Adolphe Quetelet

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Adolphe Quételet

Lambert Adolphe Jacques Quetelet (or Quételet) (22 February 1796 – 17 February 1874) was a Belgian astronomer, mathematician, statistician and sociologist. He founded and directed the Brussels Observatory and was perpetual secretary of the Royal Academy of Brussels. Quetelet was influential in introducing statistical methods to the social sciences.

Quotes[edit]

  • Little by little his conversation, always instructive and animated, gave a special direction to my tastes, which would have led me by preference towards letters. I resolved to complete my scientific studies and followed the courses in advanced mathematics given by M. [Jean Guillaume] Gamier. It was at the same time agreed by us that, in order to relieve him in his work, I should give some of the other courses with which he was charged. I thus found myself his pupil and his colleague.
    • "Notice sur J.G. Garnier," Annuaire de l'acad. roy. de Brux. (1841) Vol. vii pp. 200-201 as quoted in Adolphe Quetelet as Statistician by Frank Hamilton Hankins
  • The more advanced the sciences have become, the more they have tended to enter the domain of mathematics, which is a sort of center towards which they converge. We can judge of the perfection to which a science has come by the facility, more or less great, with which it may be approached by calculation.
    • Edward Mailly, Essai sur la vie et les ouv rages de Quetelet in the Annuaire de Vacadimie royale des sciences des lettres et des beaux-arts de Belgique (1875) Vol. xli pp. 109-297 found also in "Conclusions" of Instructions populaires sur le calcul des probabilités p. 230

A Treatise on Man and the Development of His Faculties (1842)[edit]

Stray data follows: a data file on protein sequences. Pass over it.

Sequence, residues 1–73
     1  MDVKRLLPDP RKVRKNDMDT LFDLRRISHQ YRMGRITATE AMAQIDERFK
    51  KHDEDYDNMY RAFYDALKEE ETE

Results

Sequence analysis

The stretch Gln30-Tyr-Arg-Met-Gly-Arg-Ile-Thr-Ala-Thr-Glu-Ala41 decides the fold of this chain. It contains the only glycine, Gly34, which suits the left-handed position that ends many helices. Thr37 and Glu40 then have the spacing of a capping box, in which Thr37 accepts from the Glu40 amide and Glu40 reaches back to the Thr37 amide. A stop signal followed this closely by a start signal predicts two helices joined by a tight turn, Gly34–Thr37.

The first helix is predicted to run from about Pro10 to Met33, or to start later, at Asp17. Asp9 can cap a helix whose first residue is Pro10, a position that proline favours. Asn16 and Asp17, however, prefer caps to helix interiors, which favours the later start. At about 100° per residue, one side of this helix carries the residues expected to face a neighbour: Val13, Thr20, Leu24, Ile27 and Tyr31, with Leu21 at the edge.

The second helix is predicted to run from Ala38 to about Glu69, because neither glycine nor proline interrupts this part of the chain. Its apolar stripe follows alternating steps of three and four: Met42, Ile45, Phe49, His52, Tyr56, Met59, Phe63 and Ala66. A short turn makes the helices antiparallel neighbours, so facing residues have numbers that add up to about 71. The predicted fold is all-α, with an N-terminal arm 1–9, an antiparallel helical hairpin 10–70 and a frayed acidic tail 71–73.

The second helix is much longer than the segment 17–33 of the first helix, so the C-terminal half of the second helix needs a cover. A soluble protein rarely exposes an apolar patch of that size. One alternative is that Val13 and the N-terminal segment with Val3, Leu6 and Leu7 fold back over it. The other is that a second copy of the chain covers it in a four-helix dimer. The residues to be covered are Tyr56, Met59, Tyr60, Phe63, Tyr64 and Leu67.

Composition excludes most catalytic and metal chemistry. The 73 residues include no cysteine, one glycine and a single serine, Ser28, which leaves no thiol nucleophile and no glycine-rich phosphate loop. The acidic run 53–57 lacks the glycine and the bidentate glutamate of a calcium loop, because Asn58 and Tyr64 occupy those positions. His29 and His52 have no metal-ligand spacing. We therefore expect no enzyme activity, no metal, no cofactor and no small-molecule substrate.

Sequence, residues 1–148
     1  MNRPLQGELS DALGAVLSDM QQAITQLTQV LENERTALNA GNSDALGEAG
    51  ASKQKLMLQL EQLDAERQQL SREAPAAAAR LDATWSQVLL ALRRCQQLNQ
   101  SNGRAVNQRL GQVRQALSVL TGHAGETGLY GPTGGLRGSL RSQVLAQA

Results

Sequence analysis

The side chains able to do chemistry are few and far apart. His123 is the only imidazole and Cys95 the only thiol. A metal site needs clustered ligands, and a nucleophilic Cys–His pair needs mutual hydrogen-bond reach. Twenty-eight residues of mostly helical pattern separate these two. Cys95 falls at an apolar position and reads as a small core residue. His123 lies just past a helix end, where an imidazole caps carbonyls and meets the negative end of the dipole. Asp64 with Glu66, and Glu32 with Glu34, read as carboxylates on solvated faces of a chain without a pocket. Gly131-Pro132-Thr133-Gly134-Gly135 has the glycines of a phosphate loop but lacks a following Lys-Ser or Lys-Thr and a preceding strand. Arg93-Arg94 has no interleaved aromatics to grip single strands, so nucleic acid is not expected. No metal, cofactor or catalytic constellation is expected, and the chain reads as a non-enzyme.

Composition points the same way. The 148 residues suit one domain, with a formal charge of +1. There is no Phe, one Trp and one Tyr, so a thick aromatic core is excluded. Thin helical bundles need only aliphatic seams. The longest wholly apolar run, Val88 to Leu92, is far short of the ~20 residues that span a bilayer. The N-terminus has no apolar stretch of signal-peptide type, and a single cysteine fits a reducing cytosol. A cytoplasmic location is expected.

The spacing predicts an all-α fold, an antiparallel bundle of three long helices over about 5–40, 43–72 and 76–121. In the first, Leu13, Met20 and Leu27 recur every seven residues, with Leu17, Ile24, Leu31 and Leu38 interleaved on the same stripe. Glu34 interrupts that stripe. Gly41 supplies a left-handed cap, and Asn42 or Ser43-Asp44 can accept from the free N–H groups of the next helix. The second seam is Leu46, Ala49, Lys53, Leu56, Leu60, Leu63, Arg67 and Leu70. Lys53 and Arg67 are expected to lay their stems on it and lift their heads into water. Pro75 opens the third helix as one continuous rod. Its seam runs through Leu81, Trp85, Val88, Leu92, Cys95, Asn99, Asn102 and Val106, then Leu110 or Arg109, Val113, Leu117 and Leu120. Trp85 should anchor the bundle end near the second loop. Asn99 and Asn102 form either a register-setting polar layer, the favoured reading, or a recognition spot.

People's Edition, Tr. R. Knox & Thomas Smibert, 1st published as Sur L'Homme, et le Développement de ses Facultés (1835)
  • The principal artists of the era of the revival of letters, such as Leon Baptista Alberti, Michael Angelo, Leonardo da Vinci, Albert Durer, with many others who what art ought to borrow from science, felt the necessity of resorting to observation, in order to rebuild in some sort the ruined monument of ancient artistical skill. They studied nature in a philosophical manner; sought to strike out the limits within which they ought to confine themselves in order to be truthlike... and from those profound studies which kept them ever before the face of nature, they deduced original views and new models, destined to distinguish for ever that celebrated age. The proportions of the human body did not alone attract their attention: anatomy, perspective, and chemistry, formed parts of their studies; nothing was neglected; and some of these great artists even gained for themselves a first place among the geometers of their day. Their successors have not devoted themselves to such serious studies, and hence it so frequently happens that they are reduced to content themselves, either with copying from those who went before them, or with working after individual models, whose proportions they modify according to mere caprice, without having any just or proper ideas of the beautiful.